"(He) pulled an assault rifle out of a bag and began to open fire," Gannon said.
But not just at anyone -- at a TSA officer.
As the gunman walked through the airport, he asked some -- like traveler Leon Saryan -- a simple question: "Hey, are you TSA?"
Saryan told Anderson Cooper he was asked this by a man who'd just "grazed" a TSA officer with a bullet, then walked "calmly" toward him through the terminal.
"I just shook my head," Saryan said. "And he kept going."
By then, people were sprinting for their lives -- down escalators, out emergency exit doors, cramming into bathrooms and first-class lounges, anything to get out of the line of fire.
The shots finally stopped at the end of Terminal 3, when the two airport police officers shot the suspect multiple times in the chest, an intelligence source briefed by Los Angeles police said. In addition to the slain officer, two other TSA officers were, said the federal agency's chief John Pistole in a letter to employees.
They carried him out, handcuffed to a gurney -- leaving behind what police described as an "assault rifle" and more than 100 rounds of unspent ammunition.
"That could have literally killed everyone in that terminal," Los Angeles Mayor Eric Garcetti said.
The suspect has been identified by authorities as 23-year-old Paul Anthony Ciancia.
Why did the gunman set out on a deadly course Friday? Despite being wounded, the suspect theoretically could tell police that. But some clues have emerged -- including that authorities found he'd been carrying a rant that appeared to refer to the New World Order plus anti-government claims, a federal law enforcement official said Saturday.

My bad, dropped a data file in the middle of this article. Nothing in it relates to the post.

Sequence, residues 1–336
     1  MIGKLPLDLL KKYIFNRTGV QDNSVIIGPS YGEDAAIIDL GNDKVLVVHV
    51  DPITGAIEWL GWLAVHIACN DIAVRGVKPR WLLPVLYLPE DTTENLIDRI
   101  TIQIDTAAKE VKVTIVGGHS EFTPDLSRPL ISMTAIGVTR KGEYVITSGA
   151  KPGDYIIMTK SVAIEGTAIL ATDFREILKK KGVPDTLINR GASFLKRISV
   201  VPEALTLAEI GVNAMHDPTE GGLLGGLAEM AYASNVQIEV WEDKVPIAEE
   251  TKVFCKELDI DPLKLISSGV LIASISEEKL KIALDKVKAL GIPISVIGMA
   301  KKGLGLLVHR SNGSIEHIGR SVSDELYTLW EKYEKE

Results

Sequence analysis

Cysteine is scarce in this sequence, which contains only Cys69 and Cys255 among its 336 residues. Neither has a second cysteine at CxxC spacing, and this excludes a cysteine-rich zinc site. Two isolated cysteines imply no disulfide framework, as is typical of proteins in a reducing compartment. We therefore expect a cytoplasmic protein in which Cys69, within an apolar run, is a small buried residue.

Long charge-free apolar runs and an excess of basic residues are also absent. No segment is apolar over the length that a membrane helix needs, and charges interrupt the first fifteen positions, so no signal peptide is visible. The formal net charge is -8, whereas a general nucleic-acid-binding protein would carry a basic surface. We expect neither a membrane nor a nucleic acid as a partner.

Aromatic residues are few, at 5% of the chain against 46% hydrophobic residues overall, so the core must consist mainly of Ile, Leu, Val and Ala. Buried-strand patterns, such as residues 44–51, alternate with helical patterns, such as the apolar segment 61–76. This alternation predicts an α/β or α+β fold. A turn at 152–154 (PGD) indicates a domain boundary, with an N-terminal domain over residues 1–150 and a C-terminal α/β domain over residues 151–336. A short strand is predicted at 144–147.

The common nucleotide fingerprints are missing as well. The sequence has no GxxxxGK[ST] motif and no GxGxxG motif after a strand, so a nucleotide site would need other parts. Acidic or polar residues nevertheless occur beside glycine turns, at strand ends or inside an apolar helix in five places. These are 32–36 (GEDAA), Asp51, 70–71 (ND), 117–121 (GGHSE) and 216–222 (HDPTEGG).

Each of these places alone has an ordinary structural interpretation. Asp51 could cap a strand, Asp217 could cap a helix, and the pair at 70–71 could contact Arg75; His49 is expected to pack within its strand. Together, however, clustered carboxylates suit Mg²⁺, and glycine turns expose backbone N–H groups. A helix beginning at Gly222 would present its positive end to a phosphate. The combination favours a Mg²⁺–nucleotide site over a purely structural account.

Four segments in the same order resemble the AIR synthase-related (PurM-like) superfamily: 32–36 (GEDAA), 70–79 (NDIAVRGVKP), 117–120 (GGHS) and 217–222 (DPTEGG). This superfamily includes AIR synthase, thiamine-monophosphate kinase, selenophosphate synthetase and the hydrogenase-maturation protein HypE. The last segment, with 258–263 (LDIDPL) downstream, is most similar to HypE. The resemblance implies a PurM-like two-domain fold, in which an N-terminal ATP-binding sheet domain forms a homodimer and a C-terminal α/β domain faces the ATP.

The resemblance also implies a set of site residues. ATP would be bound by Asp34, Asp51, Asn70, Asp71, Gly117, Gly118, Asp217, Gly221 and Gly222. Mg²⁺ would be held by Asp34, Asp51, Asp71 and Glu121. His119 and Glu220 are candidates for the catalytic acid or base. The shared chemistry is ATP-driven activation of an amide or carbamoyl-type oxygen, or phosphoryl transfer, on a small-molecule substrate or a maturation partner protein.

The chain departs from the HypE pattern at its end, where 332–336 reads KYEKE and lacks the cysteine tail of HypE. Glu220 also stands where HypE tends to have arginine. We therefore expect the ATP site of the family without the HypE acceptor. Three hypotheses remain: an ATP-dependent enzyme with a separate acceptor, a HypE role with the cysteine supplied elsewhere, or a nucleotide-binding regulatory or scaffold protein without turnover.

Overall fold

It's not clear what gave rise to the references, and federal investigators have found no known links to known groups or anything in the suspect's background to explain them. The New World Order is generally considered to be a conspiracy theory in which people suspect a group of elites is conspiring to form an authoritarian, one-world government.
The message featured an extended rant against TSA, claiming that this agency treats Americans like terrorists even though all people aren't equally dangerous, a U.S. law enforcement official said Saturday.
And near the end of the note was a derogatory reference to Janet Napolitano, the former head of the Department of Homeland Security that includes TSA, according to the same official.
Another clue to the state of mind of Ciancia -- who was dropped off at the airport by a roommate who, investigators believe, didn't know about any shooting plot, the law enforcement official said -- came from his family. He lives in Los Angeles, but his family back in New Jersey were concerned about him, said Allen Cummings, chief of police in Pennsville, New Jersey.